Antistrophe

Welcome to the second part of the three-piece puzzle that is the ancient Greek Pindaric ode. This one's an important one, too! Where would strophe be without antistrophe? No antistrophe to counter the strophe means no chance for the chorus to expand on ideas, no chance to engage in a heated dispute, and most importantly, no chance to dance! You simply can't have one without the other. After all, they do say that opposites attract. 

Antistrophe Antistrophe

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Contents
Table of contents

    Maybe the above paragraph makes sense to you; perhaps you think it all looks crazy. Either way, there's no need to worry. Let's start with the basics and learn about the meaning of antistrophe. We'll also examine the origin of the term, the antistrophe function, and its importance. Then, we'll look at some antistrophe examples to help you better understand the concept.

    Antistrophe meaning

    Before we look at the 'antistrophe' in more detail, we must define some preliminary concepts surrounding the topic. First, we need to know that the epode is one part of a traditional Greek ode.

    The ode is a passionate, emotional form of poetry that traditionally honours a person, thing, or concept.

    There are many variations of the ode. However, the Pindaric ode contains the epode we are looking at today.

    The Pindaric ode is named after the ancient Greek poet Pindar (c. 518-443 BCE) and is characterised by its three distinct parts:

    • the strophe (known as the 'turn')
    • the antistrophe (known as the 'counter-turn')
    • the epode (known as the 'after-song')

    Each section of the Pindaric ode usually consists of one poetic stanza, and the three combined parts make up a 'triad'. In ancient Greece, these odes were typically chanted aloud to an audience by a chorus.

    The Greek chorus was a cohesive, collective group of performers who chanted and danced together in ancient Greek theatre. While reciting odes, the chorus often moved across the stage in unison. They typically wore masks to be perceived as one entity rather than as individuals.

    The Greek chorus consisted of 12 to 50 people travelling across the stage, dancing and chanting in unison.

    Did you know? When linguists studied the syllable patterns in the verses of the ancient Greek chorus, they found many of the syllables were drawn out for long periods. From this, they concluded the chorus was singing their verses rather than speaking them.

    Now that we've gone through the basic concepts, let's tie them all together by looking at a definition of antistrophe:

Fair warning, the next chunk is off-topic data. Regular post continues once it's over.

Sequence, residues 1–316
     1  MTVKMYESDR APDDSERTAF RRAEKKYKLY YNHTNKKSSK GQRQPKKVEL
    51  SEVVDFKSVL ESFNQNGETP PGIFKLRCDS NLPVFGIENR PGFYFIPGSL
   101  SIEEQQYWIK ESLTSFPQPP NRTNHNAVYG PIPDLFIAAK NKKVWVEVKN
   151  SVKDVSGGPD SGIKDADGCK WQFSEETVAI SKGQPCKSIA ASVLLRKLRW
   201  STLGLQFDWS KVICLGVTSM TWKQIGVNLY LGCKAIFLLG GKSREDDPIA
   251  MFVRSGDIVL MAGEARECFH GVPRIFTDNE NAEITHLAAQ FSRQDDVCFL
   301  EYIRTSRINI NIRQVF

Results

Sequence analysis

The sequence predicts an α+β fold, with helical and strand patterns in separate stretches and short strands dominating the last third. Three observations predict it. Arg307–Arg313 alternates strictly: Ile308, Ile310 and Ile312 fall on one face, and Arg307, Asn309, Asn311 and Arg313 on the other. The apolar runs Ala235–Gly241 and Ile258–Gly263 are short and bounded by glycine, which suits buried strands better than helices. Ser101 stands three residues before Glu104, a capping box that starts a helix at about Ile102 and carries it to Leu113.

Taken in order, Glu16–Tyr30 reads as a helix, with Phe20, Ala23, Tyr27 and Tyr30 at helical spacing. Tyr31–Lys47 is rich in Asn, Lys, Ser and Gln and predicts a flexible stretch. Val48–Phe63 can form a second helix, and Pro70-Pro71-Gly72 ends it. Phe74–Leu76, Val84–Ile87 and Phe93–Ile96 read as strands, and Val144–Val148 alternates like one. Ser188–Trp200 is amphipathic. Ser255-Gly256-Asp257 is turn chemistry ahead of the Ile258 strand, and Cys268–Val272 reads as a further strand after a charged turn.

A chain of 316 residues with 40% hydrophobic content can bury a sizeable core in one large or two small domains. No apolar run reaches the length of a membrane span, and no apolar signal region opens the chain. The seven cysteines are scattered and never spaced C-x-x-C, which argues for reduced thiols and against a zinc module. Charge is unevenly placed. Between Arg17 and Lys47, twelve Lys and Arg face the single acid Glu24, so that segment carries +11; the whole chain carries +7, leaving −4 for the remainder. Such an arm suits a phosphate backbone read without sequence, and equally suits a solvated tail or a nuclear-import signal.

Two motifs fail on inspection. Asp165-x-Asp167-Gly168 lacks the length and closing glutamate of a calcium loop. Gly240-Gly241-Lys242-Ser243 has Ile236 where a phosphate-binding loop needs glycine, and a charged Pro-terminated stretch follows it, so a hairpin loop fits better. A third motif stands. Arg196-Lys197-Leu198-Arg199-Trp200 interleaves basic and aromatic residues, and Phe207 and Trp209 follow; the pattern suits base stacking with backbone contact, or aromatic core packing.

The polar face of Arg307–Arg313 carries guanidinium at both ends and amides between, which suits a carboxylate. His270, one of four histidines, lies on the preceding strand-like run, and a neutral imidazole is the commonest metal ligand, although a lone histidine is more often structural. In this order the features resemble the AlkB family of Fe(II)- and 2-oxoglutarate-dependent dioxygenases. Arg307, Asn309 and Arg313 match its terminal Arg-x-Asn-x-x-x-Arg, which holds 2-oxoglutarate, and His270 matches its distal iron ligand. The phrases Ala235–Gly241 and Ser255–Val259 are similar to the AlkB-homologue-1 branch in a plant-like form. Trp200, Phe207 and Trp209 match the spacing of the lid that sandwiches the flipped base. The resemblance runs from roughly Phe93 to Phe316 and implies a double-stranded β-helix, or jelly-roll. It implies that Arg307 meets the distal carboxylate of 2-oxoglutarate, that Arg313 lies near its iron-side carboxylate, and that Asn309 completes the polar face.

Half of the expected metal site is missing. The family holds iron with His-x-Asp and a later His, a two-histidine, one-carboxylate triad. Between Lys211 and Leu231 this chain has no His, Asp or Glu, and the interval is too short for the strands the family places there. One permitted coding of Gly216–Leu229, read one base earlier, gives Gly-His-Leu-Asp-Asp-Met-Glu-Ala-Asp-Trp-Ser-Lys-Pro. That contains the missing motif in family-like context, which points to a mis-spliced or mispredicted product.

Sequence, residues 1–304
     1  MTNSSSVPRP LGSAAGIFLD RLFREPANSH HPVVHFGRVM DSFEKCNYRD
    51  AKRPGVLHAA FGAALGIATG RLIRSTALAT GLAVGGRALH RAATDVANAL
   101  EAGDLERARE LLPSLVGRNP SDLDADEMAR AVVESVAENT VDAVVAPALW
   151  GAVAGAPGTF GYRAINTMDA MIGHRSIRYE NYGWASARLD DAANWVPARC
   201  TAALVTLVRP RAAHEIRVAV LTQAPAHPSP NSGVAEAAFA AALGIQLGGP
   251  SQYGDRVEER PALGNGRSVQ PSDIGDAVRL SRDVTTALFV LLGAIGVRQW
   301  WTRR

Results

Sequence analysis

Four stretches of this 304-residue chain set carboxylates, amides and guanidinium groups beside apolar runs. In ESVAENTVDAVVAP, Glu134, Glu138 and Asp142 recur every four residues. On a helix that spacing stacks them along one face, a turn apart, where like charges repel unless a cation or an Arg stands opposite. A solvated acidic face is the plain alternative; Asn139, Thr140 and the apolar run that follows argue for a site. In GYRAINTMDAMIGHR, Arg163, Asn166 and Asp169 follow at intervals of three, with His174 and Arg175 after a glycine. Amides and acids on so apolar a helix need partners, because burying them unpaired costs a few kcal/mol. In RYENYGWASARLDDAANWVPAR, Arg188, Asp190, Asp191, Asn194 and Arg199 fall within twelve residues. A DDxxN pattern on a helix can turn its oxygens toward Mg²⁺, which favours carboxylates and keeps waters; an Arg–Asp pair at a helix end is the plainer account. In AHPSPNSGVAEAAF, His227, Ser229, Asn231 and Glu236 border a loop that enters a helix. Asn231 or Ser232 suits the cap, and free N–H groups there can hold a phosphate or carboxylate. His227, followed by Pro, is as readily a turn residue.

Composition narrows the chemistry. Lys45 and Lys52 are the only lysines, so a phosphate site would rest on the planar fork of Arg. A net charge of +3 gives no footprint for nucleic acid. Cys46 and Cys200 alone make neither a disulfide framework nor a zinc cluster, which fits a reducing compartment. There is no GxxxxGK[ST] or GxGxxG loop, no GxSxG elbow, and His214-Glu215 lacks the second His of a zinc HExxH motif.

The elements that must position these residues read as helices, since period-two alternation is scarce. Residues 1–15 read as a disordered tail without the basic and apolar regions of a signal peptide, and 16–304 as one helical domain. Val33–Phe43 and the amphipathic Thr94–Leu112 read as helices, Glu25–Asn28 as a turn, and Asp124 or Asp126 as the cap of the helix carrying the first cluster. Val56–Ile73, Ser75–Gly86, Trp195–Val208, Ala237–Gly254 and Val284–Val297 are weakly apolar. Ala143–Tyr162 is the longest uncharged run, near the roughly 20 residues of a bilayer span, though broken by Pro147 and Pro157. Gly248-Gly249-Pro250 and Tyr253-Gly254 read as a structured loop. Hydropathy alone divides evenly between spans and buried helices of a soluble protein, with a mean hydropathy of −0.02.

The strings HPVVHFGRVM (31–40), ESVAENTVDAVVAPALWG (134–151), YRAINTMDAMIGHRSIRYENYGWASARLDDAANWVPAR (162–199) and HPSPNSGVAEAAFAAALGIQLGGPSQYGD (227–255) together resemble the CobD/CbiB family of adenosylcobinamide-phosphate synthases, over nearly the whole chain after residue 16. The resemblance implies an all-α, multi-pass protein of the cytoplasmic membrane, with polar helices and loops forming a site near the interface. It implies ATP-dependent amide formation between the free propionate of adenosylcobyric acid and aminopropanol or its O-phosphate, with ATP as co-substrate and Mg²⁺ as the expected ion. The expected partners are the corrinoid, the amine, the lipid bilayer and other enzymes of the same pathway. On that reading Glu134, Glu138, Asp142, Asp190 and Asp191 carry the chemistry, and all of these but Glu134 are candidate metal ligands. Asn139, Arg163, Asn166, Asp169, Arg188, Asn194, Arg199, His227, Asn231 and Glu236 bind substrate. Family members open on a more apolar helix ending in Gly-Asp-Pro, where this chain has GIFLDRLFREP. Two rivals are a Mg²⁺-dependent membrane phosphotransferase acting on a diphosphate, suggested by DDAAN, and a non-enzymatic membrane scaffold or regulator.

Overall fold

An antistrophe (pronounced anti-strow-fee) is the second section of a traditional ancient Greek (700-480 BCE) ode. These odes would typically revere the achievements of outstanding individuals and celebrate victories in competition and battle. They were commonly recited by a chorus and often found in the opening ode of ancient Greek tragedies.

    Antistrophe has a second definition. It can also be defined as 'the repetition of words at the end of consecutive sentences, phrases or paragraphs'. For example:

    'Government of the people, for the people, by the people'.

    However, this article will focus primarily on the antistrophe as a function of the Greek ode.

    To consider what antistrophe means in relation to an ode's structure, let's begin by looking at the term's origin.

    Antistrophe origin

    The word 'antistrophe' derives from the Greek antistrophē, which means 'turning back'. The term originates from the choruses movement pattern during the Pindaric ode. This illustrates why antistrophe is often referred to as the 'counter-turn'.

    When the chorus chants the strophe (the turn), they move from right to left across the stage. When they chant the antistrophe, they 'turn' and move back to the original side (left to right). Finally, the chorus stops in the centre of the stage to chant the final epode (after-song).

    The chorus would also incorporate theatrics and dance moves into these movements for effect.

    This diagram represents the Pindaric ode chorus route:

    Antistrophe, Pindaric ode chorus route Antistrophe, StudySmarterThe chorus would begin at the right side of the stage before moving to the left (strophe) and then back to the original side (antistrophe). They would finish their movement by standing centre stage to perform a final chant (epode).

    Depending on the number of available performers, some poets would arrange their chorus differently. For example, if the chorus was large, it could be split in two, with half on the right side of the stage reciting the strophe and half on the left reciting the antistrophe. The chorus could then join together to sing the epode in harmony.